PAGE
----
Therefore what I aim to explain and investigate in this article, is why over recent times movements related to and defined by ‘young people’; have not had the impact on society in the same manner as they had in other subsequent post-war decades. In recent times – because of this lack of popular youth definition and repatriation from their ascendances – I will describe a generation as having (in a creative sense) culturally stalled. In this examination, I aim to understand and explain some of the social, cultural and political reasons why I deem this might have happened.

 

I. The Background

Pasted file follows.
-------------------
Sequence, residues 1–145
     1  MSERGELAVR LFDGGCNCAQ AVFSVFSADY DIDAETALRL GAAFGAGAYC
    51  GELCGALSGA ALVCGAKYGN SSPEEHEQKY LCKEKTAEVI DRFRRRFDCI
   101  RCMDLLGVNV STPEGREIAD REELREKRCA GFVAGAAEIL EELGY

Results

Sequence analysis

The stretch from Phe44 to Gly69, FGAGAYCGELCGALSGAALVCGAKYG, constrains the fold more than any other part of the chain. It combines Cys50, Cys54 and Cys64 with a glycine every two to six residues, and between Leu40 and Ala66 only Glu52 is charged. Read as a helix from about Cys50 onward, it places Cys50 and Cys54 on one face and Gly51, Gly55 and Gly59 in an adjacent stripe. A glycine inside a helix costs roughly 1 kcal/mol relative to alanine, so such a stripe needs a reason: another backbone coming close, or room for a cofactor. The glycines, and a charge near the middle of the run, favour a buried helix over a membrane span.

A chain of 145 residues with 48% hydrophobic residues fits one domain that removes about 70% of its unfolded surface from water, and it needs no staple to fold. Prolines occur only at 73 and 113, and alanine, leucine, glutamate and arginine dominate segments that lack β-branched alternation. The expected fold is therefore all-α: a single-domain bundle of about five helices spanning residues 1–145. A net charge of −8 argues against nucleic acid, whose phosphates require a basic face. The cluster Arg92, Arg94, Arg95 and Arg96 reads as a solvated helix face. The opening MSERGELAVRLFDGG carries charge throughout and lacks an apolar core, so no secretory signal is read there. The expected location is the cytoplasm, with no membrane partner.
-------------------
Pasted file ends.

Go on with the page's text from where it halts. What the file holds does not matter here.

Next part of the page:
For someone who grew up, if not entirely under her premiership, then certainly as successive Prime Minsters has enabled, under ‘Thatcherism’. Therefore the death of Margaret Thatcher has unquestionably given the ideas surrounding this text a far clearer focus for me. A telling factor which this inescapable episode has prompted, is a particular realisation that even though we may be two decades on since she was fairly unceremoniously elbowed out of office by her own cabinet - in ironically a very Thatcherite manner - the all male Prime Ministers since have sadly done little, or nothing to alter the political ethos and general scheme she devised. In fact they have all wilfully followed it. The reality of unrelenting Thatcherism and my full realisation of it, in the days following her death, have had a fundamental effect on how I view our current political elite/system and how her Premiership socially affected the country I grew up in. As a result, this has profoundly shaped the piece I am writing now. Therefore, these considerations have allowed me to formulate a more definite clarity than would have been afforded me without the help of the recent crucial debate over her tenure as Prime Minster and its wider social influence.